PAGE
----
Feeling overwhelmed by the demands of ministry - Wayne Cordeiro felt that way too - his book offers hope.
Wayne Corderio begins his book with the line “We don’t forget that we are Christians. We forget that we are human…” Many of us in leadership can probably acknowledge feeling that way at one time or another.
Many leadership books deal with improving the way you lead, changing your leadership style or leading change – not many deal with what happens when you throw everything you have into leadership, sometimes at the expense of your own wellbeing, and then you hit rock bottom.
As with so many unwanted situations ‘burnout’ felt like it crept up on Corderio out of the blue, although in retrospect the signs had been there. ‘Leading on Empty’ is a very honest look at the place this mega church pastor found himself in and then it takes you on his journey in the hope that by, identifying the signs and incidents that led up to burnout, then posing ways to resolve the issues that arose in his own life, he can prevent others from reaching the place were they too are ‘leading on empty’.
Corderio uses a wonderfully insightful quote by the late Mother Teresa “To keep a lamp burning we have to keep putting oil in it.” This book chronicles, in a really honest way, the emotional and physical path that this church leader experienced, but alongside his biographical story is a wealth of practical advice.
The practical application of this book for anyone finding him or herself on the way to burnout becomes clear as soon as you start reading. But the book isn’t just for people reaching that point, it also deals with helping you avoid walking that path altogether. One of the key steps Corderio suggests is identifying what fills you with energy and what drains you. He encourages you to make a list, which in honesty I found more difficult than I initially imagined. But once you have the list and you start to know what re-energises you and what drains that energy, you can begin to work at ensuring that you do less of the things that run you down.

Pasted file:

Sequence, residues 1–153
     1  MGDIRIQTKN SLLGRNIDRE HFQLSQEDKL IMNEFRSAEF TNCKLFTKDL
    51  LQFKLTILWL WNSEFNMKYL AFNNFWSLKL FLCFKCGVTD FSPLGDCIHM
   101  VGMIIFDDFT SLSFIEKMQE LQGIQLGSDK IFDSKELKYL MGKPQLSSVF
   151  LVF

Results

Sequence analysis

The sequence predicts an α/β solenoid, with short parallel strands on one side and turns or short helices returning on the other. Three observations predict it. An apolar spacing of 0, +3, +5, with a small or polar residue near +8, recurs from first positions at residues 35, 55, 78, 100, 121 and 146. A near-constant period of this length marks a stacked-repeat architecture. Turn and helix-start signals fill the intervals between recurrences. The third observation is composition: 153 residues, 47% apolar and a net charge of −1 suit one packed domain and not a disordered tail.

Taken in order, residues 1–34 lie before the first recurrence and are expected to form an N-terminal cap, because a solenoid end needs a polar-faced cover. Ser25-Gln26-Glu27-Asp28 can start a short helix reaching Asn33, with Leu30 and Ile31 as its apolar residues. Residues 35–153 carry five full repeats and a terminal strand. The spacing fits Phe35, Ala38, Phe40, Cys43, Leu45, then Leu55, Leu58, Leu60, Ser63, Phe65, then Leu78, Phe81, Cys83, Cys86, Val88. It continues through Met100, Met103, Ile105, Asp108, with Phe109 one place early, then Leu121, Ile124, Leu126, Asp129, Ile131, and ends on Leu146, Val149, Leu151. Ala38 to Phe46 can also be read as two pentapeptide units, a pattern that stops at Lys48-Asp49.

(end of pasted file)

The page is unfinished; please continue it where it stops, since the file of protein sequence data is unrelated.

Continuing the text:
It would be great if we never had to do those things that absorb our energy at all, but the book acknowledges that the reality of leadership is sometimes those are part of the course. Having to do those things can be a necessity. Having a clear understanding of how to fill your energy tank back up is the key to getting through the really hard parts of leadership.
Corderio is real about how much leadership takes, that some elements of it aren’t what you expect, and that burnout can take anyone by surprise. His chapter about depression is a really helpful piece of writing for anyone who’s experienced it from the inside or has watched someone else go through it.
One of the great things about this book is that Corderio didn’t leave leadership – he went on to thrive in his position and found ways to deal with some of the really difficult parts of what it takes to lead well. It’s a book I’d recommend to leaders both in the church and in secular leadership or anyone who is considering leadership – some lessons are best learnt early and can make all the difference.
February 21st, 2013 - Posted & Written by Jo Pountney